57. The Ombudsman notes that, in relation to the first set of documents, Frontex seems to have carried out an individual assessment of each document and has carefully redacted the parts which could undermine public security. However, with regard to the second set, although Frontex gave a long list of (convincing) reasons for refusing full access to the requested documents on the basis of the first indent of Article 4(1)(a) of Regulation 1049/2001, it does not seem to have carried out an individual assessment of the documents. It appears to have decided that, where human rights violations were alleged, the entire interview was to be blanked out. Therefore, with regard to the second set of documents, Frontex seems to have applied a presumption that interviews with migrants are not to be disclosed, instead of carrying out an individual assessment of each interview. The Ombudsman does not consider that Frontex could apply such a presumption.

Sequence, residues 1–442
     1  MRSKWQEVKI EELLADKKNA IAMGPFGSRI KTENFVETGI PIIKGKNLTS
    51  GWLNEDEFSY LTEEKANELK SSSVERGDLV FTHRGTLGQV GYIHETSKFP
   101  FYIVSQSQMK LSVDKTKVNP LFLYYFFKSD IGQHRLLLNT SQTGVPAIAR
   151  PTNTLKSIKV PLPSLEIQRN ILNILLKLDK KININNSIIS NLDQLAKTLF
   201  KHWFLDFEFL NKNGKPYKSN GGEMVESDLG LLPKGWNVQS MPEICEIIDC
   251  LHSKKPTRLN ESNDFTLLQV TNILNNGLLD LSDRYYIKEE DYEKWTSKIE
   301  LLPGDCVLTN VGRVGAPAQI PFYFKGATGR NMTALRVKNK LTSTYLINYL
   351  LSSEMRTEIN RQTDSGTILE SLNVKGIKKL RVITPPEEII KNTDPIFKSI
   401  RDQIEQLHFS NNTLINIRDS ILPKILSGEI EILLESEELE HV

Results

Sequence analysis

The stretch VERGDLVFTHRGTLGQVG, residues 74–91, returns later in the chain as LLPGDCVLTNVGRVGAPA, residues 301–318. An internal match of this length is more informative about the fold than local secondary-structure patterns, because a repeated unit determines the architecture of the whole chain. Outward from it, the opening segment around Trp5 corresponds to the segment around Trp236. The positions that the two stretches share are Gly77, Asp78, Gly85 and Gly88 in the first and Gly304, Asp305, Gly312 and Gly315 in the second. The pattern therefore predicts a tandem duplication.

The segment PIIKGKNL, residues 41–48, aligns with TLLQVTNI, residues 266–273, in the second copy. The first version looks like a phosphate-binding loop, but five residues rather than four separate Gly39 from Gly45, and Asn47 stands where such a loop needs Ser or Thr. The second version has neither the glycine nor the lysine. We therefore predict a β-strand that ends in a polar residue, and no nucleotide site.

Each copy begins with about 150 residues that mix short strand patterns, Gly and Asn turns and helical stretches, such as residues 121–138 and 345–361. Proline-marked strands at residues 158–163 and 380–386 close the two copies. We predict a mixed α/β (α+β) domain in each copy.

58. Moreover, the Ombudsman sees an inconsistency in Frontex’s approach. For instance, part of an interview with a migrant reported in Serious Incident Report 226 (included in the first set), was disclosed. On the other hand, parts of the interview reported in unnumbered Serious Incident Report dated 12 May 2015 (included in the second set) contains similar information to that contained in the non-redacted parts of the interview included in Serious Incident Report 226. Furthermore, the “Assessment” section of unnumbered Serious Incident Report dated 12 May 2015, which was not redacted, includes information which is derived from the fully redacted interview. It would therefore appear that disclosure of the statements from the interview which reflect what is stated in the “Assessment” section would not undermine public security.